Game Development Reference
In-Depth Information
of the maturation of the neurological system. The
control of fine motor skills in childhood is a de-
velopmental process and is taken as an important
event to assess their developmental age. The fine
motor skills are developed through time, from
experience and knowledge; they require normal
intelligence (so that you can plan and execute a
task), muscle strength, coordination and normal
sensation (Beruelo, 1995).
The balance, coordination and motor (or
movement), help children master the space, move
freely and perform various tasks, which are the
basis of learning and knowledge development.
This is called motor development, which takes the
individual as a functional unit that has managed
to use their body possibilities to create, commu-
nicate, solve problems, perceive, have feelings,
relate, to doubt, to project feelings, understand,
want, believe or show him/herself.
The physical body development, Allows the
acquisition of new and more complex motor skills
(i.e. Movement and contact with objects), But
These Are Not Ends in Themselves, INSTEAD
they serve as a basis for learning and Develop-
ment of Knowledge (psychomotor). (Le Boulch,
1986; Potel, 2003).
This development, called “psychomotor”, in
other words, developing the ability to use sensorial
systems and skeletal muscle to move, will become
the base for the development of all other areas
in the growth of a child. It will be the basis for
developing cognitive, language and later social
and emotional development. (Isaac, 2001).
physiologically by the brain, directed and
controlled.
b. Spatial location: the child has an area of
“own”, plus a second space “outside”,
which has to be structured. To this end, he
introduces the basics of the space environ-
ment (such as proximity, separation, suc-
cession, continuity, etc.), Using his/her own
body movement (Le Boulch, 1986).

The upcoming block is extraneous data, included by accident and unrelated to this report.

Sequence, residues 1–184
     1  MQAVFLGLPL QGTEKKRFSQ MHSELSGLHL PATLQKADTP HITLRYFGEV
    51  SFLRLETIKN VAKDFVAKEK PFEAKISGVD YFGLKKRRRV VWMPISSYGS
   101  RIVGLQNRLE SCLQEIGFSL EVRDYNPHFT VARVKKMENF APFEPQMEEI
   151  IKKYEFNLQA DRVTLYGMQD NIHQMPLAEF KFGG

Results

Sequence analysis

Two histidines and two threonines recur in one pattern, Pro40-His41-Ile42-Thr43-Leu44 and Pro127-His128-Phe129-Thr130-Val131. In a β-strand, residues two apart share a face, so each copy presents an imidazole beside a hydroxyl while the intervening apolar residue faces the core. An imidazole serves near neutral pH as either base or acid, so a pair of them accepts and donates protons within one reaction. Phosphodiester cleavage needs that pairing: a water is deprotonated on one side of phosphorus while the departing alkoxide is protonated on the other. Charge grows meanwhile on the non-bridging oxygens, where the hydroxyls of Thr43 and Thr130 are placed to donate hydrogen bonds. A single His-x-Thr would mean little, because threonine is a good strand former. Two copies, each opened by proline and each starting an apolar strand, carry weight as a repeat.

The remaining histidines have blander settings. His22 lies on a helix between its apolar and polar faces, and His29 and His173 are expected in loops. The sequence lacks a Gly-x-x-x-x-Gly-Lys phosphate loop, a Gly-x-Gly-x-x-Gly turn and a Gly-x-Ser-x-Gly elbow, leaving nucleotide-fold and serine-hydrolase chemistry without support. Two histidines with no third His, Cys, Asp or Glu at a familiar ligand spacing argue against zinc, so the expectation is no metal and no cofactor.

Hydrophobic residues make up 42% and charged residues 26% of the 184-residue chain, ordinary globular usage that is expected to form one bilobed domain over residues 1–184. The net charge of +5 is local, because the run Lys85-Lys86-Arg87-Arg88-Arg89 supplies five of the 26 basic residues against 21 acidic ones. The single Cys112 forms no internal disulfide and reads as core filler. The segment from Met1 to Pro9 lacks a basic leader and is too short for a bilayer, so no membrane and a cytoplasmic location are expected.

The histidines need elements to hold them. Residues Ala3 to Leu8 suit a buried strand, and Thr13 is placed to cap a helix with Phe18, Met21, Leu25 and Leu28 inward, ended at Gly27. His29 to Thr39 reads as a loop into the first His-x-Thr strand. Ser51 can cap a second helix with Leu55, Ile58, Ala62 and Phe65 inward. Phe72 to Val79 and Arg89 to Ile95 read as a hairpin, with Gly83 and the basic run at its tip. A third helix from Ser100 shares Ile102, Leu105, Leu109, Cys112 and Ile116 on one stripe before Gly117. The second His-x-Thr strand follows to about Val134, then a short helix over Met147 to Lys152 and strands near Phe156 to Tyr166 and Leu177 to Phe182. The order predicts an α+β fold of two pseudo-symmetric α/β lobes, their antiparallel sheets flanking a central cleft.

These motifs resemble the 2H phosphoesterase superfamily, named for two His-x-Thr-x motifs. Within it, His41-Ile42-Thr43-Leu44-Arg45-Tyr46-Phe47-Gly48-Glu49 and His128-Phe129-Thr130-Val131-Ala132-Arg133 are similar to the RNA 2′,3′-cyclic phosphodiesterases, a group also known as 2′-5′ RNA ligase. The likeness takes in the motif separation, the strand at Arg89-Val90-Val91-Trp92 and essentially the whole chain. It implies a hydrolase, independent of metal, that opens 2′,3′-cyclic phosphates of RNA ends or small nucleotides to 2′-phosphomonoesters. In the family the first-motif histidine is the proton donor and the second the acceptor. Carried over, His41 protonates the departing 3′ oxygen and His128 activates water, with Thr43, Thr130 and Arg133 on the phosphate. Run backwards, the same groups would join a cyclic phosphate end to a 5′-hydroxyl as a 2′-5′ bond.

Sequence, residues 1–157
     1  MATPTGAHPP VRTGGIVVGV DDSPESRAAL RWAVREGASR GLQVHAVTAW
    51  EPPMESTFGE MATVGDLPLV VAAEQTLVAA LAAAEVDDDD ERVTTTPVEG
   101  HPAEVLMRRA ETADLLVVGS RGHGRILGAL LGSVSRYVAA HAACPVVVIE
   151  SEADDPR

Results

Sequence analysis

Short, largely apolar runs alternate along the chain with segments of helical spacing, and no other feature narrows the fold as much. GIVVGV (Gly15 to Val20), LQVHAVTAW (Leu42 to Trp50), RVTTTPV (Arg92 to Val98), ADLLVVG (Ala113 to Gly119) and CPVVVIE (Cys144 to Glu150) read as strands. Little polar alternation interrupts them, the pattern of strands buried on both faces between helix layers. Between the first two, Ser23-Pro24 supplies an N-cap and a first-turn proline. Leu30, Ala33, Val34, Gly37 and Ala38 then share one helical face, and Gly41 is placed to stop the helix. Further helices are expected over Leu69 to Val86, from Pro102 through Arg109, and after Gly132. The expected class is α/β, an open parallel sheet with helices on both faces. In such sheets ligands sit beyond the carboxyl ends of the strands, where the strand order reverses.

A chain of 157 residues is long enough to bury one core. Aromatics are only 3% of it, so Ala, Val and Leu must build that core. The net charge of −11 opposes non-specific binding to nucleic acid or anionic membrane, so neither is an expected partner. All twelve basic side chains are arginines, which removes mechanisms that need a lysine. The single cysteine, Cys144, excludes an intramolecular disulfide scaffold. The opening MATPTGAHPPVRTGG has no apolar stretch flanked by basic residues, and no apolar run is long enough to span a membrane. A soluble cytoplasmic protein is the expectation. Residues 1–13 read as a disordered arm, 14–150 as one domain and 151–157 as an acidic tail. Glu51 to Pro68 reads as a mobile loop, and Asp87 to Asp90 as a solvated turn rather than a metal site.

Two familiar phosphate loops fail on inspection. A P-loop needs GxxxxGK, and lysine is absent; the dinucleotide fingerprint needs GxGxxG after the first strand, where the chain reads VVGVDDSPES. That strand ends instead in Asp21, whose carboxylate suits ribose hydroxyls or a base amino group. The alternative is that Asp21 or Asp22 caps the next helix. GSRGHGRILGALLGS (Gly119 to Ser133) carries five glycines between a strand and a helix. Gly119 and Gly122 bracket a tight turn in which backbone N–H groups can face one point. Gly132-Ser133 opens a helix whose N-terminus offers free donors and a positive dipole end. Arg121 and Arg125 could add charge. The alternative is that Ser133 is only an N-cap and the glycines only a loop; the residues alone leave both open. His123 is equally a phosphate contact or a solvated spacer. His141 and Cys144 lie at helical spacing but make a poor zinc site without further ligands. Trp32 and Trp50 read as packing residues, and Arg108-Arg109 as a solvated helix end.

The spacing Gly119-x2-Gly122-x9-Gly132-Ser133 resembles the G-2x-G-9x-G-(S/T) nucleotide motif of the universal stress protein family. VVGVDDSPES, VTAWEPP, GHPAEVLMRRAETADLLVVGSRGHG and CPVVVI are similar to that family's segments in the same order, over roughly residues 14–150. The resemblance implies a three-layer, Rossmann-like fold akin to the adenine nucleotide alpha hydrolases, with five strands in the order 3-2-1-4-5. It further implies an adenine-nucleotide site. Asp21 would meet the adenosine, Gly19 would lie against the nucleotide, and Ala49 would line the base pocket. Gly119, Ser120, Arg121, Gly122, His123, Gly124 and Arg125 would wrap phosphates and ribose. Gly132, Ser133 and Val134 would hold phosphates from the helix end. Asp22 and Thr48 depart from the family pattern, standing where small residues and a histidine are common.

c. Graphical Activity: with graphics, takes
place primarily based learning which will
serve later for the acquisition and develop-
ment of writing: body posture and head,
movement of the hand and arm, direction of
rotation, interruption of traces, continuous
outlines, distribution the graph on the paper,
etc. (Le Boulch, 1986).
d. Precision movements, manipulation of small
objects, hand coordination, finger control,
coordination of movement of the hand-eye
and quality of pressure. (Rigal, 2006).
e. Motor Disability: Disability is defined as
physical or motor difficulty to perform con-
ventional motor activities, whether regional
or general from body.
A child or youth with physical disabilities is that
with a transitional or permanent alteration of a
motor unit, due to poor functioning in the nervous
system, muscle and / or bone-joint, or several of
them related, that in different grades limits some
activities which can be performed by people of
the same age.
The motor disability encompasses a wide range
of disorders that have in common the alteration or
loss of motor control. These disturbances range
from mild to severe degrees (impossibility of all
voluntary movement), from people with normal
intelligence superior to people with severe mental
retardation and with or without sensory disorders.
Important Factors in
the Psychomotor
a. Laterality: according to TOMAS, J. et al.
(2005) the lateral dominance, dominance is
understood as observable from one side of
the body on the other (left or right), valuing
the participation of sight and hearing, this
is not factor determined arbitrarily by the
individual or by the education, but imposed
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